An aerial view of the Santos GLNG project on Curtis Island.
An aerial view of the Santos GLNG project on Curtis Island. Santos

GLNG spending delays $482 million tax bill for Santos

ONE of the giants of the onshore gas industry, Santos, has paid none of its $482 million income tax bill for last year, a Senate inquiry heard on Wednesday.

The inquiry into multinational tax avoidance heard from Santos, Origin and Woodside Energy in Sydney.

But Santos's massive $3.5-4billion a year investment in its Gladstone LNG project had meant the company could delay paying the tax bill.

Santos chief financial officer Andrew Seaton said the bill would be paid as the gas project booked revenues - the first of which was booked in October this year as exports began out of Gladstone.

"The tax will ultimately be paid, it's really a question of timing," he said.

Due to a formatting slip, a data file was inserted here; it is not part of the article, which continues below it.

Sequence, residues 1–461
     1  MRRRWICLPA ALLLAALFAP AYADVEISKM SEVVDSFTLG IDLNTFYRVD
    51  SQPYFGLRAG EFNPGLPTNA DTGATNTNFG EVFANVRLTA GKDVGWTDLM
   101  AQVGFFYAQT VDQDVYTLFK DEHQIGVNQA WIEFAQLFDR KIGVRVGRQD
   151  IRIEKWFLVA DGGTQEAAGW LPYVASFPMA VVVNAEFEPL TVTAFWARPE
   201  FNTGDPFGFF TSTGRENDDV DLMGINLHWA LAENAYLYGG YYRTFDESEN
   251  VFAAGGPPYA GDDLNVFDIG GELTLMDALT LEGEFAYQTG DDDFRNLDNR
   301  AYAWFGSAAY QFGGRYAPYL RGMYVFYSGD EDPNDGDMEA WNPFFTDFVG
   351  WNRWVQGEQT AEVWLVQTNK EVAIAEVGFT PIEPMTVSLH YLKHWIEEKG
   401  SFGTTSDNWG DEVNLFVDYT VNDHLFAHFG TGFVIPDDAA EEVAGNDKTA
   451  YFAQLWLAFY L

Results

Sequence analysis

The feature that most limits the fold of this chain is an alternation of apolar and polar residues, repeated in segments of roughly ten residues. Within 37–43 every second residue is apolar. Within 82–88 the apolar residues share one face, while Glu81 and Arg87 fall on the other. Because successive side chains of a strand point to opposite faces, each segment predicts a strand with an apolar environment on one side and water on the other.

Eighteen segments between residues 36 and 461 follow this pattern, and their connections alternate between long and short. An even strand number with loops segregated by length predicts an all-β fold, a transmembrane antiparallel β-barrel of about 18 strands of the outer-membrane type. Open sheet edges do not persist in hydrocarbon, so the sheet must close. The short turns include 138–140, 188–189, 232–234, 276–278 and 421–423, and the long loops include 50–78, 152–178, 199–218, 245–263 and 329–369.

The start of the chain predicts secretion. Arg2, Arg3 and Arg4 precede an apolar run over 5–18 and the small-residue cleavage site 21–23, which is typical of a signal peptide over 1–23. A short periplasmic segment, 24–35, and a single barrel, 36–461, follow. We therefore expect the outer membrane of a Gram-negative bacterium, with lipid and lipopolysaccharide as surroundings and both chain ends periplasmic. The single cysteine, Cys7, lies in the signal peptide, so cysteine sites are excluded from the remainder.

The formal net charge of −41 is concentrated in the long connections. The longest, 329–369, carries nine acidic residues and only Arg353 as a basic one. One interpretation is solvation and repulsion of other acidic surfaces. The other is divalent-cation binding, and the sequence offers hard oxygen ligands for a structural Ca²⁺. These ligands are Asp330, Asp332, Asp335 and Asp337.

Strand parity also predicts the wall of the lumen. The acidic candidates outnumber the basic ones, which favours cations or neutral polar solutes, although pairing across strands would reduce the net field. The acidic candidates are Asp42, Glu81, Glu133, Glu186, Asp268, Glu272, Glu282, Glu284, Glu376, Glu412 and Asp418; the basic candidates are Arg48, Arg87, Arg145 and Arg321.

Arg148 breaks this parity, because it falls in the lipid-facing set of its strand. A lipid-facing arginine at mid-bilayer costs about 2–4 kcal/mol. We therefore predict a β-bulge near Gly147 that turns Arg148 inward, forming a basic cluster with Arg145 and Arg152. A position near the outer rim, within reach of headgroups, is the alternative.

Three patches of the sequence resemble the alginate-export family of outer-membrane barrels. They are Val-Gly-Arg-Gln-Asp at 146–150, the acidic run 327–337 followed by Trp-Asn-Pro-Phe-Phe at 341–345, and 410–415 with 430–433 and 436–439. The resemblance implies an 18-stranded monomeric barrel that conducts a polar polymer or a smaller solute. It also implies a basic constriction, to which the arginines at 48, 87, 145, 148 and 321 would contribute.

Similarly, Origin Energy, a partner in the APLNG project also at Gladstone, booked some $12.5billion in revenues from Australian operations.

Origin, however, paid only $109million in income tax in Australia last year, admitting it had "no liability" to pay under the Federal Government's petroleum resource rent tax.

That tax, similar to the short-lived mining tax, based on high profits for gas firms, failed to reap any revenue due to tax deductions for capital investment.

Both companies spent much less on their income tax bills than Woodside Energy.

Woodside executives told the committee the company did not have a specific revenue figure for last year, but it was "around $7billion".

But that company paid $1.09billion in income tax in Australia, $31million under the resource rent tax and $252million in state government royalties.

The company had set up an offshore marketing hub in Singapore in 2013, but it only reaped $640,000 for fees linked to trading of Australian gas to the global market.

Woodside chief financial officer Lawrence Tremaine said there was "no attempt here for us shifting profits from Australia".

But asked whether that was "not yet", there was no response, and Woodside said it could not say publicly what tax rate it paid on its Singapore operations.